The parable of the wedding garment is a very strange one indeed – perhaps the strangest of the parables in the Gospels. It comes only in this Gospel, in Matthew, and it’s tacked onto Matthew’s souped-up version of Luke’s parable.
I love the parable of the banquet – the way Luke tells it. I love the thought that the Kingdom of God might be like all those parties I never get invited to, might be a place where the poorest people in the world get in the door at last, where the poor man eat and the rich man’s table and the women from the scullery get to the eat the dessert… But the parable of the wedding garment – the extra bit you get in Matthew’s Gospel – is a different thing.
The story goes that, when the original guests declined, the king filled the wedding reception up with people off the streets, people who been just minding their day, getting on with life. In a moment when they expected to be at home with a sandwich they found themselves as honoured guests at Buckingham Palace. One minute they were behind the food stall or the souvenir kiosk, the soldier’s post or the beggar’s pitch and the next thing they were standing in the queue for cocktails or being seated for dinner. The celebrities and the aristocrats has sent their apologies and so the banquet was opened up to the crowds who had camped on the pavement all night to watch the wedding procession go by. The paparazzi weren’t going to get the pictures they wanted, because these were the kind of people even the Somerset County Gazette wouldn’t be interested in.. It was a day when anyone who had never been anyone was taking canapes from a tray and wine from the finest crystal. But then the king picked out one man, shouted at him for being incorrectly dressed and threw him out – and not just back onto the streets, but into outer darkness. Apparently the man was speechless, but what else could he have been? He might have had a tuxedo at home, but he’d been cleaning the municipal drains when he got pulled into the banquet, so what did anyone expect him to be wearing? Why on earth was he to blame for not being dressed for a wedding.. This has to the be the weirdest parable ever. But, you know, there’s something that rings true about it. I am that person, I know this story, I recognise what’s happening here.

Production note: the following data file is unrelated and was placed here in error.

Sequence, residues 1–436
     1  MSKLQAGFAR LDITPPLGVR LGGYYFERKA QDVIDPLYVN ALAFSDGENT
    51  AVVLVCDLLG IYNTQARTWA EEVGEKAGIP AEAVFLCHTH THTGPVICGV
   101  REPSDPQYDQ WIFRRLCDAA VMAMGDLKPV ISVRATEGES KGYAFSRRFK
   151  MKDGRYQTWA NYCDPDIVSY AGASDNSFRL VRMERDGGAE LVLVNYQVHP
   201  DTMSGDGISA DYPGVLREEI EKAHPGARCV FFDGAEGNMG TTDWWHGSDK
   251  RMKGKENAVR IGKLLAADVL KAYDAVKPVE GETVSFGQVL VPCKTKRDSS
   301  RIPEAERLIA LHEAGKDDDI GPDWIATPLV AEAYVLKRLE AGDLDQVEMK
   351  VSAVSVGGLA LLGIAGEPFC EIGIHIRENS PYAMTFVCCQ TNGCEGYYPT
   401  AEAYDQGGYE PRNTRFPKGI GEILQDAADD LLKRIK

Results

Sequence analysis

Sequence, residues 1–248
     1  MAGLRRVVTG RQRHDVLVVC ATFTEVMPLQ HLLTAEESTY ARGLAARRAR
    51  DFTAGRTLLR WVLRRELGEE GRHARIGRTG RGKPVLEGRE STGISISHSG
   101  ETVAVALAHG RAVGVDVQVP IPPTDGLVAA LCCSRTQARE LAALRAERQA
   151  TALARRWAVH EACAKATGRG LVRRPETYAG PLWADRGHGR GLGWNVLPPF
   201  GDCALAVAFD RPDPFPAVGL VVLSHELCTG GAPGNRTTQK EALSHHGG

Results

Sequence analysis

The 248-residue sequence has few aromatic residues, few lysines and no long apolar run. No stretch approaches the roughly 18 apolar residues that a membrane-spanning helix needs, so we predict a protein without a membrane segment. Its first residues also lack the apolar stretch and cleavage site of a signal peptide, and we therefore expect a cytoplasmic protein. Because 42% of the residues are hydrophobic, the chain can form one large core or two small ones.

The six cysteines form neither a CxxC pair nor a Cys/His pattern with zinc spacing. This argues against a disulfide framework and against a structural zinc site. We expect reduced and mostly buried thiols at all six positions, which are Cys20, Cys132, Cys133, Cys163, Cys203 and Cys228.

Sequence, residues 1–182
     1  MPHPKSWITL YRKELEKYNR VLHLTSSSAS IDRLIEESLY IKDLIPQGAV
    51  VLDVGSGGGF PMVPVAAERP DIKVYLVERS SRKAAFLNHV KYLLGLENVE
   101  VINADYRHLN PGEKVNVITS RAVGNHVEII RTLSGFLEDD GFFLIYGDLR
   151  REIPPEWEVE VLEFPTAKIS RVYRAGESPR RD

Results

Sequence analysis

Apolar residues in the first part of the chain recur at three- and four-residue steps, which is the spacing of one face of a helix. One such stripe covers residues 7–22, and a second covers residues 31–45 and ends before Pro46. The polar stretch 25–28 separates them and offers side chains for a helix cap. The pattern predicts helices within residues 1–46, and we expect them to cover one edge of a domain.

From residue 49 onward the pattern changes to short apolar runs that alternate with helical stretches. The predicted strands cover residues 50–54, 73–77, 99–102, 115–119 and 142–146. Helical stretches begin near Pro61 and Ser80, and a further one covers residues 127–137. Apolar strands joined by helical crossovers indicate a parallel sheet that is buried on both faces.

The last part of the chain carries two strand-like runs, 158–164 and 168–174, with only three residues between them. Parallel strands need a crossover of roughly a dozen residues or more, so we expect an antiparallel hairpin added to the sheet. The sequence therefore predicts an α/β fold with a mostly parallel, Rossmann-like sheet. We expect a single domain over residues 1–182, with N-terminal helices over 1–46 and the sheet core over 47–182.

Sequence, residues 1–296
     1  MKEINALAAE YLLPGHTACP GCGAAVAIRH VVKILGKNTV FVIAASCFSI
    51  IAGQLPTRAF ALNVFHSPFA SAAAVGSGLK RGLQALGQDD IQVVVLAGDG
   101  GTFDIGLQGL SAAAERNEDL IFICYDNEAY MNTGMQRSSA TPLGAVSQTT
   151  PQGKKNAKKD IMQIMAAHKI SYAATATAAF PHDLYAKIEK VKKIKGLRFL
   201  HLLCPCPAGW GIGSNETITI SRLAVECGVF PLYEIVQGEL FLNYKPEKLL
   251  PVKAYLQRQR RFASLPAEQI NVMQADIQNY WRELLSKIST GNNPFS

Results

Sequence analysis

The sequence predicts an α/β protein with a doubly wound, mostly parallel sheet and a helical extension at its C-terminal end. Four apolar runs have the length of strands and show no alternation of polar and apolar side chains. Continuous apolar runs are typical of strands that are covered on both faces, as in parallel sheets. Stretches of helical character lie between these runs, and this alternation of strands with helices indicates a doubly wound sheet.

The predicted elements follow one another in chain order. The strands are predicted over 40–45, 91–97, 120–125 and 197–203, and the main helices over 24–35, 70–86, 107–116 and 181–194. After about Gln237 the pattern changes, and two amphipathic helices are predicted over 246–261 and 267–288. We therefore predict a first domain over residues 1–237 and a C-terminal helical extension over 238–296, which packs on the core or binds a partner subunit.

I have had dreams like that – haven’t you? Dreams when I’ve found myself in a pulpit wearing the wrong thing or not having the notes I should in front of me. Dreams when I know something terrible is about to happen, but my legs just won’t work. Dreams when I’m in the wrong place, wearing the wrong clothes, and being shouted at for a reason I can’t fathom. And I have days like too when I’m fully awake. The one time I did get to go to a royal banquet (well, a dinner…) at St James’ Palace I took ages choosing a dress and when I got there I realised it was wrong. I even ended up standing beside someone who belonged to a famous fashion designer family.. I looked washed out in a silver-grey tent. It was the wrong dress. I know what it’s like to be wearing the wrong clothes, and I bet you do too. And I imagine that, like you, you realise that clothes are no more than metaphors, that we all of us sometimes feel like misfits in the world, like imposters at the feast, like we don’t really belong. I remember spending the whole six years I was principal of a Cambridge college thinking that at any moment someone would come and whisper in my ear, ‘It was just a joke – it’s not really meant to be you – off you go.’ We all know what it means to be in the wrong clothes. We don’t fit the life we have, we don’t even fit in our own skin, we don’t fit. All of us, I think, feel this sometimes. Which should help all of us to have some understanding of what it feels like to be in a place like that most of the time. It should help us empathise with those who are constantly thrown out of communities, families and churches. Because, that’s us too.